Don't Stop Taking St John's Wort -- It Really Does Help Depression; Good Health VIEWPOINT
Byline: by Professor George Lewith
AM I worried about the latest 'finding' that the herb St John's wort -- commonly used to treat mild depression -- is useless? Far from it: I shall happily continue recommending it to patients.
There have been countless clinical trials on the herb's effectiveness and safety, and the jury has considered and reconsidered the evidence many, many times. So many times, in fact, that you would easily find six or so studies that concluded it was not effective.
Add to them the report earlier this month that clinicians at Global Neuroscience Initiative Foundation, a mental health charity, are unimpressed with St John's wort, preferring other herbals, such as passion flower, for depression, stress and anxiety.
Having worked in complementary medicine for many years , I know of so many more studies that have found St John's wort to be effective and well-tolerated.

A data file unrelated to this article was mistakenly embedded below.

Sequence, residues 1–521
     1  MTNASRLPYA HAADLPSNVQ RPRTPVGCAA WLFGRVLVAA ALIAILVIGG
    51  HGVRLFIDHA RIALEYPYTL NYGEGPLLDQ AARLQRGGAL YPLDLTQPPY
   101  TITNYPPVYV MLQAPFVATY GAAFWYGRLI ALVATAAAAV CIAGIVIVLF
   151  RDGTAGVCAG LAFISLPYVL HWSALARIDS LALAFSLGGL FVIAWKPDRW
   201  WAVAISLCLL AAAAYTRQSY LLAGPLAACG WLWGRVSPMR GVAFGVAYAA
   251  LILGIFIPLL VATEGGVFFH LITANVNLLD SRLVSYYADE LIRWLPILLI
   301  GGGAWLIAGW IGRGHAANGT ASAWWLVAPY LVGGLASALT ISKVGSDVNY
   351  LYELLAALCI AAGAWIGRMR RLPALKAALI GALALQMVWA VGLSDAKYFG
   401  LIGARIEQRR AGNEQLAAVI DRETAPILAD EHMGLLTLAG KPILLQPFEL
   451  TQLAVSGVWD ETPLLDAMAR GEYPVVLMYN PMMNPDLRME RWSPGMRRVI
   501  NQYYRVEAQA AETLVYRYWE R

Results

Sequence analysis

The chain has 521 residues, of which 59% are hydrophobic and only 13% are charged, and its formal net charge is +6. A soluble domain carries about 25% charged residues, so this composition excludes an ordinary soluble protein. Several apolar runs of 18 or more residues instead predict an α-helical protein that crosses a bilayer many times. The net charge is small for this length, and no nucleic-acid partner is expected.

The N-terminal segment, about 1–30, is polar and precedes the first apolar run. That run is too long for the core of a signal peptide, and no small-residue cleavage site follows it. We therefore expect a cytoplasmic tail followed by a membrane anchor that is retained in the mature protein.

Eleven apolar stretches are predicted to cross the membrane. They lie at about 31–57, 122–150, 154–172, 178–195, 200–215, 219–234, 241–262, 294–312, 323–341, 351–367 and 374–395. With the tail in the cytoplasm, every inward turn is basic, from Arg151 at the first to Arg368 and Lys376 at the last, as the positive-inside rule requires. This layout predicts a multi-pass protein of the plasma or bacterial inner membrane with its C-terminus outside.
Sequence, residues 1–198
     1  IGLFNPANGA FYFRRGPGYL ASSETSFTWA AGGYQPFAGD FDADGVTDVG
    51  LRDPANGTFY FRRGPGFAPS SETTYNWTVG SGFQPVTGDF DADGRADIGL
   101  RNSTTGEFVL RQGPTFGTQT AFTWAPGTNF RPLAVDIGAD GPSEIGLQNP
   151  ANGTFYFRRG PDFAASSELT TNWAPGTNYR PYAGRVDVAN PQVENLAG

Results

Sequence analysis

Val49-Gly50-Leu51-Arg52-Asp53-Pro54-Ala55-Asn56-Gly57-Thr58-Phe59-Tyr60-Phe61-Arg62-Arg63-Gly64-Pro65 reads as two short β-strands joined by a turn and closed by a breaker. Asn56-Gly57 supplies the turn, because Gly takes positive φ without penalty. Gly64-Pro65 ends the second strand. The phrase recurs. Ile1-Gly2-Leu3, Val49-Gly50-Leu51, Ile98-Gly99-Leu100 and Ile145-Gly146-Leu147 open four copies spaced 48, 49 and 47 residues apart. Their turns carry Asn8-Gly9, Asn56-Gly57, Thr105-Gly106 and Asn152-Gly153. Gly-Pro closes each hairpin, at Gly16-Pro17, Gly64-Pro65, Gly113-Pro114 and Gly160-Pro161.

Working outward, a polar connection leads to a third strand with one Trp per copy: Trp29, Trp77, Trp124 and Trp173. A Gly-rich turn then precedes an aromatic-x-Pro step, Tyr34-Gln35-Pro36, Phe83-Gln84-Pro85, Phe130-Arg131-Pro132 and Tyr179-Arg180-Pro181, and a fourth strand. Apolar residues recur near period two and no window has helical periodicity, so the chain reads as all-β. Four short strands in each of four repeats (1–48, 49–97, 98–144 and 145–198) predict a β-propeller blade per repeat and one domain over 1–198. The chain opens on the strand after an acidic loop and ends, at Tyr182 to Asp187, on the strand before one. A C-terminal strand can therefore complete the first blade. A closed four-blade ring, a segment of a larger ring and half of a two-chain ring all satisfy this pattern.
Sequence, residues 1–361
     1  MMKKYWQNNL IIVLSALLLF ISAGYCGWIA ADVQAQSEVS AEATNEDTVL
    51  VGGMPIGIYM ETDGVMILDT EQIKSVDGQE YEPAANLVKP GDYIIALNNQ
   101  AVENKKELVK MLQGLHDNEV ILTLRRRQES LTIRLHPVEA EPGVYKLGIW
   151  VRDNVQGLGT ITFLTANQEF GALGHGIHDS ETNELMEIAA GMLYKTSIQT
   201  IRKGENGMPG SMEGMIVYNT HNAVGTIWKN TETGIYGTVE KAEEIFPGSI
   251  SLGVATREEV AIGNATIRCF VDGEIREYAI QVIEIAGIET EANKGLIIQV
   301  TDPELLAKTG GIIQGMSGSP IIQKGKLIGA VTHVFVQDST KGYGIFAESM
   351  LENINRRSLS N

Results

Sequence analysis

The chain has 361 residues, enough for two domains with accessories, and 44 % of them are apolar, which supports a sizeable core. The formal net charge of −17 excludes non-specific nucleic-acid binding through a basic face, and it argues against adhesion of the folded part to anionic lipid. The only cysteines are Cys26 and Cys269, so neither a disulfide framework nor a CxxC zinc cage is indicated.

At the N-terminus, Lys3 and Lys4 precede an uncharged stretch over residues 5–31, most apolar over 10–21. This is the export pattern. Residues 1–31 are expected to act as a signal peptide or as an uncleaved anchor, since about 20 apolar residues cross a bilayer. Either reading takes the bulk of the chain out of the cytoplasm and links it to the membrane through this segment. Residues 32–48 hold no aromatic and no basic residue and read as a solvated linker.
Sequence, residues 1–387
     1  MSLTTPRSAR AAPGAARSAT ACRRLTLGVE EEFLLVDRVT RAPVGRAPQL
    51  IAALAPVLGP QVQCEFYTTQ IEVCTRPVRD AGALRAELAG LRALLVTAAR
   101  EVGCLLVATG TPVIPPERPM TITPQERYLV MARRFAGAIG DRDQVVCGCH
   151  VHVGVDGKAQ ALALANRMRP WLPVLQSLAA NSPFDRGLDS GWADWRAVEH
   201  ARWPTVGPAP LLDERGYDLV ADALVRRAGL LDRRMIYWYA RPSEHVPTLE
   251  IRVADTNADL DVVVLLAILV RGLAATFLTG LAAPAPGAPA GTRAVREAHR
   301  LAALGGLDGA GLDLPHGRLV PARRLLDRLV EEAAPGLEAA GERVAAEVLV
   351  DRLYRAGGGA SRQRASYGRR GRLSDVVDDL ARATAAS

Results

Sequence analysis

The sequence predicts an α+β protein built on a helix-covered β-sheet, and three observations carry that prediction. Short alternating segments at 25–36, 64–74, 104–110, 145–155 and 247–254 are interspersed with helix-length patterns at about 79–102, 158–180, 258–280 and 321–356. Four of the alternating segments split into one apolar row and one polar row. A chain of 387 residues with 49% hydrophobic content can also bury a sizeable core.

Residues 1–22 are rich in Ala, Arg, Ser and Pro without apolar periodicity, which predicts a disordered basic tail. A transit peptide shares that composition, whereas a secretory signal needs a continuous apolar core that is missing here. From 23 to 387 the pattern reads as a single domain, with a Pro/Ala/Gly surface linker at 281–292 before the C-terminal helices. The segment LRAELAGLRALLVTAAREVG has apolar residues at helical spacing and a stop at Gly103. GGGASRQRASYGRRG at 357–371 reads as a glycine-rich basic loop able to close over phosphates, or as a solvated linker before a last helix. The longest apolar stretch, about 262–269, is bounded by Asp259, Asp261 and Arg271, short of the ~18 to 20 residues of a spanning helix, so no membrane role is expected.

The new report is just one study. I much prefer to draw my conclusions from systematic reviews, in which scientists bring together many well-designed studies (perhaps 50) and compare the entire body of evidence; this has much more meaning than a one-off study.
What shows up over and over again in these wide reviews is that this herb is as effective in treating mild to moderate depression as any of the pharmaceutical medications such as SSRIs (selective serotonin reuptake inhibitors), most famously Prozac.
Let me make it clear: I am not talking about using the herb in major depressions where the patient is suicidal or a danger to others, nor am I talking about day-to-day blues. 'Mild to moderate' depression can be debilitating and life-changing in a negative way. …